Our previous research has shown that exposure to contaminants in outdoor and indoor air can affect respiratory health, especially in children. This is important because diseases such as asthma, bronchitis and other conditions are very common and affect many families.
We have also previously written about the discovery that houseplants could potentially improve the quality of indoor air by filtering some common pollutants. Different kinds of plants may be able to absorb different kinds of pollutants from the air and from soil.
More recently, I was interviewed by Julia Ries for an article on Healthline. The article is about a recent study by researchers from the University of Washington in which they show that genetically-modified pothos ivy can absorb benzene and chloroform from the air. For the article, I was quoted as follows:
“Air pollution is a major contributing factor in diseases, including cardiovascular disease, respiratory diseases such as asthma, and potentially brain development in children,” said Luz Claudio, PhD, a tenured professor of environmental medicine and public health at the Mount Sinai School of Medicine in New York City.
“We have better control of the environment inside our homes, so it’s worth having clean air indoors as much as possible,” Claudio said.
The original scientific article from the laboratory of Dr. Stuart E. Strand was published in the journal Environmental Science and Technology and can be found HERE. In their study, the Strand team showed that introducing a detoxifying gene that is normally expressed in mammals (a cytochrome called P450 2e1) into pothos ivy plants not only made the plant express the gene, but also made the plant able to detoxify benzene and chloroform from the air.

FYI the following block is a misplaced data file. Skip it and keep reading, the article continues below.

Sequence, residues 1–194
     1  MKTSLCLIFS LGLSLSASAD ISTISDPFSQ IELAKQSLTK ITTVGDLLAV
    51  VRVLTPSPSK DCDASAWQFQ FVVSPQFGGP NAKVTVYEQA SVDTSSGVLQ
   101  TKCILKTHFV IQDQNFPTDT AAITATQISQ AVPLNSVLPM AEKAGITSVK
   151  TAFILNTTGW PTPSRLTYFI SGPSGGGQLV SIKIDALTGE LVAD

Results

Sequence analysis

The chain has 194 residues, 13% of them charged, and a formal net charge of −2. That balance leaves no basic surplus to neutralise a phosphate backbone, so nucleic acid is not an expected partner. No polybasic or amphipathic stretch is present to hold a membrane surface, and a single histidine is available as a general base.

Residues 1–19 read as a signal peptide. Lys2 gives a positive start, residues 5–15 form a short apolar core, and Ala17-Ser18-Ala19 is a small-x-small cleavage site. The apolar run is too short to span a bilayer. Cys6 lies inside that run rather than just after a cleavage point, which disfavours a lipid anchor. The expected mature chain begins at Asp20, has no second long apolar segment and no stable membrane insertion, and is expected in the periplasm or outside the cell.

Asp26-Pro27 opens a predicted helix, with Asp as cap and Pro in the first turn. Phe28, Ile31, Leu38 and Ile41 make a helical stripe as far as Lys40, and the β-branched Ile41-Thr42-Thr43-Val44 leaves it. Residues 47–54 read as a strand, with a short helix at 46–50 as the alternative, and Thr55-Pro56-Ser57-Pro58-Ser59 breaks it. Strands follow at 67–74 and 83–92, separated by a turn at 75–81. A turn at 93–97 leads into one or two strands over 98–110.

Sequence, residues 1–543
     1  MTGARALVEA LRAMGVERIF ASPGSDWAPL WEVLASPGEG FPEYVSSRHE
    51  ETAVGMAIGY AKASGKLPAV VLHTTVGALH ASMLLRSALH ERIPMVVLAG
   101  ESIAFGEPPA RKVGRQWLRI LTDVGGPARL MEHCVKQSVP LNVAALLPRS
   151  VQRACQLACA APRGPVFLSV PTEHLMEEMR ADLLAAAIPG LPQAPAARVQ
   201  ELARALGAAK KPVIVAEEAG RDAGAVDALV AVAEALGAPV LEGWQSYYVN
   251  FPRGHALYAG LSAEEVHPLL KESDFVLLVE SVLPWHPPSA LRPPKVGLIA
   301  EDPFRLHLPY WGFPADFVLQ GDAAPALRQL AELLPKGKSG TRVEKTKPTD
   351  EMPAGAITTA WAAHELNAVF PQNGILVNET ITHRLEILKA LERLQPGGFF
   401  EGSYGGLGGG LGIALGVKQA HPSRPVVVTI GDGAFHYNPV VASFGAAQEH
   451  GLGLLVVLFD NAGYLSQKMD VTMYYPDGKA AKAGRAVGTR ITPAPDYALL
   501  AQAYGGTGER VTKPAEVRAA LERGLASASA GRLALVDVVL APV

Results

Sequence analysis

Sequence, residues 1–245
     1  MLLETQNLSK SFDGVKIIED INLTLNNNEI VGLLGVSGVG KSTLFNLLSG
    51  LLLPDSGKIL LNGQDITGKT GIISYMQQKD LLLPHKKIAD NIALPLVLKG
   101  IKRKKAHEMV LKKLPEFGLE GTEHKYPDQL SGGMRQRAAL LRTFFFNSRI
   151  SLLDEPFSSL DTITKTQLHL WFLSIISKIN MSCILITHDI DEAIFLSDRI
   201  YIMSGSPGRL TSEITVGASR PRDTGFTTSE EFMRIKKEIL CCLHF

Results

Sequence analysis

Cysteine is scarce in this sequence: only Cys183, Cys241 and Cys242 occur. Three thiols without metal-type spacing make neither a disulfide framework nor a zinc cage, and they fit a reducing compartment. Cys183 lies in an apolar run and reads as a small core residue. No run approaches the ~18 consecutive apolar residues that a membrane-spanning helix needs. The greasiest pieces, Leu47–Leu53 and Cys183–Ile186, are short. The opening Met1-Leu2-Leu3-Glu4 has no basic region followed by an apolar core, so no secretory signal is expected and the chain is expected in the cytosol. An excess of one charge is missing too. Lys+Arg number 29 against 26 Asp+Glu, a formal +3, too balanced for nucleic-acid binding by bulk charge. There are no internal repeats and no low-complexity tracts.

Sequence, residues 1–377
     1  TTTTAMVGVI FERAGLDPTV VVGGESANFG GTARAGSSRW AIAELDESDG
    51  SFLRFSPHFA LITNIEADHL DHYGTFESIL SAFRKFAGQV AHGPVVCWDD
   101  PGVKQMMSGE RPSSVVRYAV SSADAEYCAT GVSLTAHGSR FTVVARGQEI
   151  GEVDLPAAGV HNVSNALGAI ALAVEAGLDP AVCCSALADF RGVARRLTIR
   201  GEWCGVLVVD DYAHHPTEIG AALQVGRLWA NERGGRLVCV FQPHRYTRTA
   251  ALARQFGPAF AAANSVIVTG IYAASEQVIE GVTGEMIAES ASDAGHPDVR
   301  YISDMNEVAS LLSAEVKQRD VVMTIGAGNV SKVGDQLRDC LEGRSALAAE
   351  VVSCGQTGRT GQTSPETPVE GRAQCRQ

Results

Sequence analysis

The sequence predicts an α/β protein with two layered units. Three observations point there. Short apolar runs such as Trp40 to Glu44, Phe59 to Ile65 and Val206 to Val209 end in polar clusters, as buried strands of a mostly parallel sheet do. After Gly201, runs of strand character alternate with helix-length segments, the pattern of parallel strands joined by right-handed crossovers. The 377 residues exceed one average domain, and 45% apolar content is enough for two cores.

Although this type of research holds promise as a way to improve our environment, genetically-modifying plants is a controversial approach. We don't know if adding or modifying a gene in an organism can affect other properties beyond the characteristic intended for modification. In spite of those concerns, genetic engineering holds immense promise as part of the arsenal of approaches towards improving environmental health.
Ask your grandmother when she hit puberty. Then ask your mother. Ask other women in your family. Do you notice a pattern?
Yes. In recent years, girls have been developing at younger ages. Today, it is not uncommon to see middle school girls who look like grown women. But why?
Some investigators point to obesity as part of the explanation for this trend. Although that is far from conclusive, it seems to be an important factor. However, we also suspect that exposure to some chemicals in the environment may contribute to earlier puberty in girls.
I was part of a team led by Mary Wolff, PhD, that investigated the relationship between exposure to chemicals found in personal care products and signs of puberty in a group of African-American and Latina girls. In that study, we recruited girls at 6-8 years of age and followed them over time, assessing their exposure to chemicals, their BMI, diet, and puberty development.